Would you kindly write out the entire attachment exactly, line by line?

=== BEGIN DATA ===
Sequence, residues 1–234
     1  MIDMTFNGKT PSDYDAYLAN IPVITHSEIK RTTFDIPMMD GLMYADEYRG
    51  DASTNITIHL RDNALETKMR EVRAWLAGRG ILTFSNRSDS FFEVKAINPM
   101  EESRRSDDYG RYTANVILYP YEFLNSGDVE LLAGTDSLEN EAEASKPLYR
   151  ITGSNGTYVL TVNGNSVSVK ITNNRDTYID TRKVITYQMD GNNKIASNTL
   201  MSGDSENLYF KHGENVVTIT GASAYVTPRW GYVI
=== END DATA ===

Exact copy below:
Sequence, residues 1–234
     1  MIDMTFNGKT PSDYDAYLAN IPVITHSEIK RTTFDIPMMD GLMYADEYRG
    51  DASTNITIHL RDNALETKMR EVRAWLAGRG ILTFSNRSDS FFEVKAINPM
   101  EESRRSDDYG RYTANVILYP YEFLNSGDVE LLAGTDSLEN EAEASKPLYR
   151  ITGSNGTYVL TVNGNSVSVK ITNNRDTYID TRKVITYQMD GNNKIASNTL
   201  MSGDSENLYF KHGENVVTIT GASAYVTPRW GYVI